By Vasudev Ram
While checking out a tool that uses the requests HTTP library for Python, I happened to see that requests itself uses a library called urllib3 internally. (Here is urllib3 on PyPI.)
Since I had requests installed in my Python installation's directory, I searched for filenames like urllib3* in Python's lib/site-packages. Found the module there, in the directory:
I also searched the Net and found this article by Kenneth Reitz, creator of the requests library:
Major Progress for Requests
in which he mentions collaborating with the creator of urllib3 to make use of it in requests.
urllib3 seems to have a good set of features, some of which are:
Re-use the same socket connection for multiple requests (HTTPConnectionPool and HTTPSConnectionPool) (with optional client-side certificate verification).
File posting (encode_multipart_formdata).
Built-in redirection and retries (optional).
Supports gzip and deflate decoding.
Thread-safe and sanity-safe.
Tested on Python 2.6+ and Python 3.2+, 100% unit test coverage.
Small and easy to understand codebase perfect for extending and building upon. For a more comprehensive solution, have a look at Requests which is also powered by urllib3.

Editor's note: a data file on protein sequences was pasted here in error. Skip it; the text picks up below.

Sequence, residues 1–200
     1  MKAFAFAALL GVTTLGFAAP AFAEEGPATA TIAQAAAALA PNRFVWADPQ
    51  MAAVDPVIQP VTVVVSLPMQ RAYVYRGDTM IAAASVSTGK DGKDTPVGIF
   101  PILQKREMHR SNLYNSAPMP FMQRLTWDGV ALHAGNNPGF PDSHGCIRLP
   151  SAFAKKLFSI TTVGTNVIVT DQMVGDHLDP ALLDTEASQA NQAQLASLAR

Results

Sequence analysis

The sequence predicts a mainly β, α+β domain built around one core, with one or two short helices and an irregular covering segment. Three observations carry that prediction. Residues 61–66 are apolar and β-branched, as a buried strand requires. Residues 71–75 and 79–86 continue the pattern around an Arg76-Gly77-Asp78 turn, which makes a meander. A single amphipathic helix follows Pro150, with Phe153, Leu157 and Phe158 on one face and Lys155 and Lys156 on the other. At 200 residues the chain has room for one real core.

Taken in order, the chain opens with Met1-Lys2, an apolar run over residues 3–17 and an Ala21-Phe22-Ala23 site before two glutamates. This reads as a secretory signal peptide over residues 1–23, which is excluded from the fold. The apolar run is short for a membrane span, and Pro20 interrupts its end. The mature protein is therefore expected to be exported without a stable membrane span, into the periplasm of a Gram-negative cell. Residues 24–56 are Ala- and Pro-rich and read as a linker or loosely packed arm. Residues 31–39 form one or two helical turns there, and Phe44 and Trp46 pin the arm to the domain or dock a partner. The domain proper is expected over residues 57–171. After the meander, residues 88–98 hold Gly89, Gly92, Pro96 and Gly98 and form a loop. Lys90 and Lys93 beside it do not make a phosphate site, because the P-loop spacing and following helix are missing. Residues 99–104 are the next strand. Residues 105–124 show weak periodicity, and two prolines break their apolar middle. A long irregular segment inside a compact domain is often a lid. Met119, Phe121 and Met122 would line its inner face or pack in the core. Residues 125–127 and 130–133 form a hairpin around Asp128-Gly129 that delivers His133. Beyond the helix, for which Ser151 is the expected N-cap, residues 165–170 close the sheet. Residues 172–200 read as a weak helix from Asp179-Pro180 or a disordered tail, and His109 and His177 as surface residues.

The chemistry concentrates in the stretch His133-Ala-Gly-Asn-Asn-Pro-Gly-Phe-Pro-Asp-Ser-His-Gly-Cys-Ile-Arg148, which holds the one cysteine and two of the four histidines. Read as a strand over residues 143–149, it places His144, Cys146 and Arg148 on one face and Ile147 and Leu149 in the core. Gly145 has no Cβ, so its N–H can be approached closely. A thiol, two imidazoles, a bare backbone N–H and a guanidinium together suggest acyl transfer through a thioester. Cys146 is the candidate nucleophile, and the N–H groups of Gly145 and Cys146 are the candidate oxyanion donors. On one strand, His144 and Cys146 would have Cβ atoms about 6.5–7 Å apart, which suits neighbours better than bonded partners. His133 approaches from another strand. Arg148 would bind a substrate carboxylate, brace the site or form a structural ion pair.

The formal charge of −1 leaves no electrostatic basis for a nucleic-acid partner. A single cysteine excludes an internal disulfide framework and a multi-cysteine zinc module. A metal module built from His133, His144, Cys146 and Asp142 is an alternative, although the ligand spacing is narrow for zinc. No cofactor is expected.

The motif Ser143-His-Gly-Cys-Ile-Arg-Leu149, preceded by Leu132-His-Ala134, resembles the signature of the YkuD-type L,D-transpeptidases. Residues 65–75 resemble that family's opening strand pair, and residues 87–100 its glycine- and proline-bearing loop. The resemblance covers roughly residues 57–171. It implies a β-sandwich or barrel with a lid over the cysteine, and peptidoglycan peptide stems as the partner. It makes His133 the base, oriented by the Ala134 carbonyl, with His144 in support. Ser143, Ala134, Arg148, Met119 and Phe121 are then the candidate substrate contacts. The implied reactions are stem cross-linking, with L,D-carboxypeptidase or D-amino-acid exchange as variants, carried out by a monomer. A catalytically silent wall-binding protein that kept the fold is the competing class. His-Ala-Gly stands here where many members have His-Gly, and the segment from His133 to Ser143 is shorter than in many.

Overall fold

So after checking the urllib3 docs a bit, I wrote a small program to test urllib3 by using it to download the home page of my web site, dancingbison.com:
# try_urllib3.py # A program to try basic usage of the urllib3 Python library. from requests.packages import urllib3 http = urllib3.PoolManager() r = http.request('GET', 'http://dancingbison.com/index.html') print "r.status: ", r.status print "r.data", r.data with open("dancingbison_index.html", "w") as out_fil: out_fil.write(r.data)
It worked, and downloaded the file index.html.
Interestingly, urllib3 itself uses httplib under the hood. So it's turtles at least 3 levels down ... :-)
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Vasudev Ram - Python / open source / Linux training and consulting